Brant Eustice as Macbeth has the gravitas of a home-grown Kenneth Branagh. His enunciation is clear and uncluttered with pretention, and he is thoroughly engaging as he seeks an ever-more-bloody grip over Scotland’s throne.

The staging is lively and energetic but not carried away senselessly; rather it is filled with the senses – lighting is pivotal, sound is significant throughout. Bird song and more often the noise of sinister things, like bats, provides unease, in addition to the thrumming of drums, muffled heartbeat, banging doors, or grind as if of gears from mega-carriers rallying in the Dakar.

The entire cast clearly enjoy their roles, right down to the “little ones”, with father Macduff, Simon Davey, deserving particular attention in his physically confronting efforts. He’s handsome, to boot, a bit like David Campbell picking a fight.

At Little Theatre, The Cloisters, University of Adelaide, August 9-13 and 16-20.

Buried child review

DRIP-DROP, drip-drop, shall I at least set my lands in order? Hats off to Ron Haddrick in a major play you won’t want to miss. This veteran actor’s performance as Dodge marries the frail vulnerability of age and dependency with incoherent, deep-seated resentment which rises sharply to the fore.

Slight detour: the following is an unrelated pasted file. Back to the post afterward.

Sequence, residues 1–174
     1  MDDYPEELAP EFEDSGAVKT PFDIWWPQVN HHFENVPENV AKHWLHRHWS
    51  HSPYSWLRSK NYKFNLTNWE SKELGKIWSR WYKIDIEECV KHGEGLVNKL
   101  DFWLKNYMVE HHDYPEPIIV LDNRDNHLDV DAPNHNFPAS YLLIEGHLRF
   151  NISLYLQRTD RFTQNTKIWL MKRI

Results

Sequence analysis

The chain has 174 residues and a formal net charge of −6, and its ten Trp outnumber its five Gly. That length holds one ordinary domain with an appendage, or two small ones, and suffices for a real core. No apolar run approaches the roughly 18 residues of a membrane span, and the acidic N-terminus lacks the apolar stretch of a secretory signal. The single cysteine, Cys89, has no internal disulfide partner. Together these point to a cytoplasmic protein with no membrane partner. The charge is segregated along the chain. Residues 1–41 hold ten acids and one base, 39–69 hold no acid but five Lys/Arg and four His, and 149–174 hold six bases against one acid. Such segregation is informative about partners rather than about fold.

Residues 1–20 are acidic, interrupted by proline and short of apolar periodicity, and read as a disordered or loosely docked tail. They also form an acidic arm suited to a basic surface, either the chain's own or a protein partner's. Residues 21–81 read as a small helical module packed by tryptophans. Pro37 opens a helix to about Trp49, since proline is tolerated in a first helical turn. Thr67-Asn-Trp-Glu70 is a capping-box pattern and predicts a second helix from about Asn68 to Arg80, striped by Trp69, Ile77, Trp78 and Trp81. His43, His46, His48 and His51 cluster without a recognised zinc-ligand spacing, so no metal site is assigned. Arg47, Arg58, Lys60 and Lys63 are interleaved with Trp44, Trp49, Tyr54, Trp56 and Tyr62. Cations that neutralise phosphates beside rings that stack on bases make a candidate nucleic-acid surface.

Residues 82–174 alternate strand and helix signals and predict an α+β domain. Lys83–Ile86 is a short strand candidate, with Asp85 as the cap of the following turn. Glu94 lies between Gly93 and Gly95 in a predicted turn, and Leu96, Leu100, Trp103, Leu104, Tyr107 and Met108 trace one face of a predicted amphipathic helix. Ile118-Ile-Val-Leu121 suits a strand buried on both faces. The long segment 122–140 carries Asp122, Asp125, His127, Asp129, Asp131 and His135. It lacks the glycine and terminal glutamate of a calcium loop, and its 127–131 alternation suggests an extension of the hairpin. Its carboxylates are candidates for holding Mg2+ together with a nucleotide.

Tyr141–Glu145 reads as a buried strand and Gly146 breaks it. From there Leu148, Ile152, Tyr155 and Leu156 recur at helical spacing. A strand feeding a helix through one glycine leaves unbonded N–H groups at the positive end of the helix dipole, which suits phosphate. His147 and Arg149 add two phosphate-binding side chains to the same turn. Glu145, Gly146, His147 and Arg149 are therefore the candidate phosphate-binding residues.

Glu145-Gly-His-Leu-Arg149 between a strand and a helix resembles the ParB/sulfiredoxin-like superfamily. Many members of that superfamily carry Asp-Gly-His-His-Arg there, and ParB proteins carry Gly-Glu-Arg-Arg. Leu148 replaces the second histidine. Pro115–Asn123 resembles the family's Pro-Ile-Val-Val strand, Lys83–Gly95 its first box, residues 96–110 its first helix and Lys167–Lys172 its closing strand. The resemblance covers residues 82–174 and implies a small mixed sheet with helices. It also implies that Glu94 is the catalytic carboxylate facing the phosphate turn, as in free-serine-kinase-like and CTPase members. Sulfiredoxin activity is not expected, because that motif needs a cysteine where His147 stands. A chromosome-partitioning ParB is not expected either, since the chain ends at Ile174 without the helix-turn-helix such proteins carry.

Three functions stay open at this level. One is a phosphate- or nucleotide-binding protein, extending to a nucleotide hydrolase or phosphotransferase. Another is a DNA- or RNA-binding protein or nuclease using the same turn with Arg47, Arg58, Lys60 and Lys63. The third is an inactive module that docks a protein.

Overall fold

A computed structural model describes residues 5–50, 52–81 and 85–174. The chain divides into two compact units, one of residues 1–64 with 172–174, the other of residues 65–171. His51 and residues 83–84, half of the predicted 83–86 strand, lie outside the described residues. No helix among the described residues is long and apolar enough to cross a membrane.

Like TS Eliot’s Fisher King, it’s been a metaphorically arid time down on the farm in mid-west Illinois, but now the unrelenting rain has arrived, and with it a couple of newcomers able to rip open the deceit stuffed into the cracks through the years.

“Once it’s picked, you can’t put it back”, declares eldest son Tilden, who has returned home after years away in New Mexico where he says he thought he was dying, but just lost his voice.

He has a secret he now wants revealed to the rabbit-fur-jacket-wearing vegetarian girlfriend of his son, Vince, who’s blown in. Vince is on a roadtrip, a memory lane of every milk bar and playing field that constituted his childhood. But it’s not happy families where girlfriend Shelly finds she’s landed when Vince is sent off to buy more liquor for old grandpa and doesn’t return.

She’s stuck with creepy Dodge and poor benighted Tilden, who’s then chased out the back by limping younger brother Bradley, who has an axe to grind.

In a debut direction for the State Theatre Company, David Mealor has had to stick to playwright Sam Shepard’s instructions for production, and the set is a static room with a decrepit plaster-lathe interior unrecognisable as ever being “Rockwell pretty as a picture”.

Rain sounds come and go and perhaps it’s just as well not to have relentless noise. Glaring lights and spooky music knock you on the head to announce: here comes the symbolic part. But the fresh flowers and vegetables and genuinely shattering china provide verisimilitude that is thrilling.